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Composite Types

Objects form the basis for all nonprimitive types in JavaScript. An object is a composite type that can contain primitive and composite types. The main distinction between primitive types and composite types is that primitive types contain only data in the form of a fixed set of values (e.g., numbers); objects can contain primitive data as well as code (methods) and other objects. Objects are discussed at length starting in Chapter 6. In this section, we only give a brief introduction to their usage and focus primarily on their characteristics as data types.


An object is a collection that can contain primitive or composite data, including functions and other objects. The data members of an object are called properties, and member functions are known as methods. Some readers may prefer to think of properties as the characteristics of the object and the things the object does as its methods, but the meaning is the same.

Properties are accessed by placing a period and the property name immediately following the object name. For instance, the version information of the browser is stored in the appVersion property of the Navigator object. One way of accessing this property is

alert("Your browser version is: " + navigator.appVersion);

the result of which in Internet Explorer 5.5 (domestic U.S.) is similar to the following:

Click To expand

Methods of objects are accessed in the same way but with trailing parentheses immediately following the method name. These parentheses indicate to the interpreter that the property is a method that you want to invoke. The Window object has a method named close, which closes the current browser window:


If the method takes arguments, the arguments are included in the parentheses. We’ve seen a common example of this usage, the write method of the Document object:

document.write("This text is written to the document.");

Built-in Objects

JavaScript provides many powerful objects for developers to use. These include browser-specific objects such as Window, which contains information and methods related to the browser window. For example, as we mentioned previously, could be used to create a window. Objects such as Document contain more objects that map to the various features and tags of the document in the window. For instance, to see the last modification date of the document, we could reference the document.lastModified property. Also available are numerous objects defined in the JavaScript language that simplify common tasks. Examples of such objects are Date, Math, and RegExp. Finally, each data type in JavaScript has a corresponding object. So there are String, Number, Boolean, Array, and even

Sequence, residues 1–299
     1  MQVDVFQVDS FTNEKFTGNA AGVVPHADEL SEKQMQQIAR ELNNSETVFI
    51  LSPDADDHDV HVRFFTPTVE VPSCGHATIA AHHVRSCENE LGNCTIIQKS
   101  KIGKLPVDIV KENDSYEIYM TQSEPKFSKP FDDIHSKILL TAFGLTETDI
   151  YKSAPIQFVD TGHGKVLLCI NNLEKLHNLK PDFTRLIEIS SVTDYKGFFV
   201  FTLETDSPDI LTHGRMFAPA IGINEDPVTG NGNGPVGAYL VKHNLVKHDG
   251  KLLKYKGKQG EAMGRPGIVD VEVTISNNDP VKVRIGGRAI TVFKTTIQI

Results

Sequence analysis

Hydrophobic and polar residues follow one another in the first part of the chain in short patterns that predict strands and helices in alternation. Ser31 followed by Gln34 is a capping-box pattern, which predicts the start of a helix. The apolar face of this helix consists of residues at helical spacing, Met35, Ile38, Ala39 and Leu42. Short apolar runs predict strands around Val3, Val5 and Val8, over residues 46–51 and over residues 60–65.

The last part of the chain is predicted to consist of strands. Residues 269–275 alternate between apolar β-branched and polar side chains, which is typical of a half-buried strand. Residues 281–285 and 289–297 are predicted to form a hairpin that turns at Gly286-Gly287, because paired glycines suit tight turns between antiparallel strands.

Object objects. These objects provide the functionality commonly used to carry out data manipulation tasks for the given type. For example, we already saw that the String object provides methods like charAt() to find characters at a particular position in a string. There are so many different objects to cover that the majority of the book is spent discussing the various built-in and generated objects. However, just in case you want objects of your own, you can create those too.

Creating Objects

User-defined objects are created using the new keyword followed by the name of the object and parentheses. The reason for the parentheses is that objects are created using constructors, methods that create a fresh instance of an object for you to use. The parentheses tell the interpreter that you want to invoke the constructor method for the given object. The following creates a brand new String object:

var myString = new String();

One nice feature of objects in JavaScript is that you can add properties to them dynamically. For example, to create your own object and populate it with two text fields, you might do the following:

var myLocation = new Object(); = "San Francisco";
myLocation.state = "California";